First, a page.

The University of the Philippines – Los Baños (UPLB) will be constructing its UP Professional School for Agriculture and the Environment (UP PSAE) within the 88-hectare mixed-use Agriya complex in Panabo City, Davao del Norte.
Ricardo Lagdameo, vice president of Damosa Land Inc said the physical construction of the UP PSAE will start by the end of the year or early 2019.
“They’re (UPLB) ready to go and they want to begin the project as well,” Lagdameo said.
The UP PSAE is expected to strengthen the agriculture sector as well as help UP Mindanao in Davao City and other state universities and colleges (SUCs) in the Davao Region with the development of research and academic programs.
“I think starting this year, they’re going to bring in already their staff members or the ones in charge because they have to start the application process and recruiting people so that they can start this year,” Lagdameo said.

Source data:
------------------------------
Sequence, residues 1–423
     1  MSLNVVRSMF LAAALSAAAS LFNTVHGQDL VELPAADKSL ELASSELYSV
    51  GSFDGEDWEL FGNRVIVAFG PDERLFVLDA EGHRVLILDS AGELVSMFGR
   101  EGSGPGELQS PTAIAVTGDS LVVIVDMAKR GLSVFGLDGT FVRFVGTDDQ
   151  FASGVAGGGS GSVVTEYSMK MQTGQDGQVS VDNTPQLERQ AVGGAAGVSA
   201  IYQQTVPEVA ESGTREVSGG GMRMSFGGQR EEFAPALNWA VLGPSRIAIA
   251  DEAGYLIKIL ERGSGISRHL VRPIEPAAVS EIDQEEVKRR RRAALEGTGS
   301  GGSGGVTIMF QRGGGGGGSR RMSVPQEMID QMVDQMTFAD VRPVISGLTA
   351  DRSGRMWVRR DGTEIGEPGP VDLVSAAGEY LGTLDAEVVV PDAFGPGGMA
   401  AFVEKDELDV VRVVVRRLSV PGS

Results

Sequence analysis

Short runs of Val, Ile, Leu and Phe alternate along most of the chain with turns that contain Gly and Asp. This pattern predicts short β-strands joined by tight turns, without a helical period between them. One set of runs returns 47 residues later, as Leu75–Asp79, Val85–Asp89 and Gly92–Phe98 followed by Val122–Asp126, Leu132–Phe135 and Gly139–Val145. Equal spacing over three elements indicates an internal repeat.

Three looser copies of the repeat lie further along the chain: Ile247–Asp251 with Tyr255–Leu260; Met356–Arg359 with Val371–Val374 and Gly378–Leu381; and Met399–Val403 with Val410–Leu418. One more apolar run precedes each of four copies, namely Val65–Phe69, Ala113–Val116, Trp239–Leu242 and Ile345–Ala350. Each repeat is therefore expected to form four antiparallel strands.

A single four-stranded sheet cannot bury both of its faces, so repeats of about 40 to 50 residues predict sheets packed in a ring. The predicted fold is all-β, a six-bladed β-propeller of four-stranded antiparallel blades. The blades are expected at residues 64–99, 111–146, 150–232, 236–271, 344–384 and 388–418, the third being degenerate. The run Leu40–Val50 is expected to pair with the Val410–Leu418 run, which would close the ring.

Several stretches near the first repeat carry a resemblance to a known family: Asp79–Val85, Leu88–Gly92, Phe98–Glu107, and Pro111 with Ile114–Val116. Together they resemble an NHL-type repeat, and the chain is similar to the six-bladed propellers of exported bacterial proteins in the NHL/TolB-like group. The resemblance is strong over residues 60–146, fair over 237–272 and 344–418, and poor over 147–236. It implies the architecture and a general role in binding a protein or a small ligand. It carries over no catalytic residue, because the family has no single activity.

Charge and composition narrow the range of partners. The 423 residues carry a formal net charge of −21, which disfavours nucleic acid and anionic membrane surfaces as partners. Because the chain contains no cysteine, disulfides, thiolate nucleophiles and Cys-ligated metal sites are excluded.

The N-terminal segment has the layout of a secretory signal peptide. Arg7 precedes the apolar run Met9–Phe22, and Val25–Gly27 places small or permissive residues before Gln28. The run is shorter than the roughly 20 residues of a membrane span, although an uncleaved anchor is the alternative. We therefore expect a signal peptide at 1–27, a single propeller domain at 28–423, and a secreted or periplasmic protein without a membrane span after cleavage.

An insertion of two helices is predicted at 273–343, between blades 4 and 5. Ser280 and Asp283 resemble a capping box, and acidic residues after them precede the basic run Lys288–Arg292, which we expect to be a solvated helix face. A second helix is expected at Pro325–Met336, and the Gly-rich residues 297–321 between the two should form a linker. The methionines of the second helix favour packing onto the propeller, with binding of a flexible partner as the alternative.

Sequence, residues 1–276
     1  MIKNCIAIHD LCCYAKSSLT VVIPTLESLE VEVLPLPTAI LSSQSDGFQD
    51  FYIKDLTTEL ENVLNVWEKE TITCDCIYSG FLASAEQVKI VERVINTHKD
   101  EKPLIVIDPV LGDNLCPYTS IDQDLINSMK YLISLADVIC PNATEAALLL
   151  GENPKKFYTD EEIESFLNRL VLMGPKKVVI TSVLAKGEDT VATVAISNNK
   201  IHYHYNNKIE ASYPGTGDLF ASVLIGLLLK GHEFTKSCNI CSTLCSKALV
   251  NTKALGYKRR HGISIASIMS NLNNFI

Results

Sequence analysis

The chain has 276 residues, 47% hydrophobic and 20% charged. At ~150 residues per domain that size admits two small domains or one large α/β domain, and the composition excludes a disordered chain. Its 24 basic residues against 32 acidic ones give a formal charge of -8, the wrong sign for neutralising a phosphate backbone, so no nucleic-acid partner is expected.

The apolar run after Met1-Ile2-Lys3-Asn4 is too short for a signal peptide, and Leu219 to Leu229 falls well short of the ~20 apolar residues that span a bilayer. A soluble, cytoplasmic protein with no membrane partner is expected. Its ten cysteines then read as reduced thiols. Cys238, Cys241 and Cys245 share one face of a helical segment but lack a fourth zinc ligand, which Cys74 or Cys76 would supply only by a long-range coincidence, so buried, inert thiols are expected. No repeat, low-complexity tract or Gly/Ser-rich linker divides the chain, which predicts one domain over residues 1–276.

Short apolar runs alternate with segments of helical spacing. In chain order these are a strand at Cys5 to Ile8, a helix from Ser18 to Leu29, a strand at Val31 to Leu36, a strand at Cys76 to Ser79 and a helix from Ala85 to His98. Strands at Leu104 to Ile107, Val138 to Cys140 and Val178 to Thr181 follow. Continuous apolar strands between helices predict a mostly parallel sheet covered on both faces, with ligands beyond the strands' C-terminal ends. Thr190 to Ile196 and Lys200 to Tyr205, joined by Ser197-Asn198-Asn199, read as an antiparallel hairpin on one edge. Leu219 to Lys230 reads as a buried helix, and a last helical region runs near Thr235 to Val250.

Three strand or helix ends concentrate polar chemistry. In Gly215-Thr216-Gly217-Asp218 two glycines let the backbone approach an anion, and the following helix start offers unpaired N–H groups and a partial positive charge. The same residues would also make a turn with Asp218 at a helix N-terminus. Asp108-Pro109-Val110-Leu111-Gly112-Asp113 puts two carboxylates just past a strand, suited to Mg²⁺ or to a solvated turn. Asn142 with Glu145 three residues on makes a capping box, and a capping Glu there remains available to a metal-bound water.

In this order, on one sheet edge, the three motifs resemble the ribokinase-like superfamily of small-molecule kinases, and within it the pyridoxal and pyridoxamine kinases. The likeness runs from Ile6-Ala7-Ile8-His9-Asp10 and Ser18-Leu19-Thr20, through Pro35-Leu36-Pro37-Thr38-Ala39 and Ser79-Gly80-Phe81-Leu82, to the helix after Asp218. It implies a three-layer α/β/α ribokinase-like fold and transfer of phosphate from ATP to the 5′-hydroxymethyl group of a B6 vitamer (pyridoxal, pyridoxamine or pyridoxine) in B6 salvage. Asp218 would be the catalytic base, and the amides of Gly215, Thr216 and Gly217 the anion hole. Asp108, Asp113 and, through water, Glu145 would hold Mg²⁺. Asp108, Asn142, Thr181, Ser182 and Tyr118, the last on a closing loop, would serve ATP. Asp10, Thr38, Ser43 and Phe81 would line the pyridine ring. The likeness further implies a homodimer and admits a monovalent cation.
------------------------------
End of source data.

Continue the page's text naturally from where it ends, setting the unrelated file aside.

UP PSAE is a public-private partnership between UPLB and Anflo Investment and Management Corp. (Anflocor) with its real estate development arm, DLI.
UP PSAE is already offering graduate programs such as MS in Plant Pathology through an off-campus scheme with classes held at the Anflocor complex in Davao City.
Other planned programs are MS and PhD in Environmental Science. Meanwhile, DLI is developing Agriya, an 88-hectare mixed-use complex in Panabo City, Davao del Norte. About 32,000 square meters will be donated to the UPLB for the UP PSAE campus.
Anflocor and DLI will also be funding part of the school infrastructure.
“We are eyeing to launch Agriya at the end of the third quarter this year. There’s a lot of movement already on the site since it was launched last year. We already cleared the initial areas and works on land development is ongoing,” Lagdameo said.
The DLI project will look like having a working farm and an area for leisure and entertainment aside from their marketing and sales office.
The agri-tourism area is envisioned as a “living farm” with theme park and educational features. The development of Agriya is divided into three phases over 15 years, with the bulk to be covered in the first stage within the first five years. (Maya Padillo/PNA)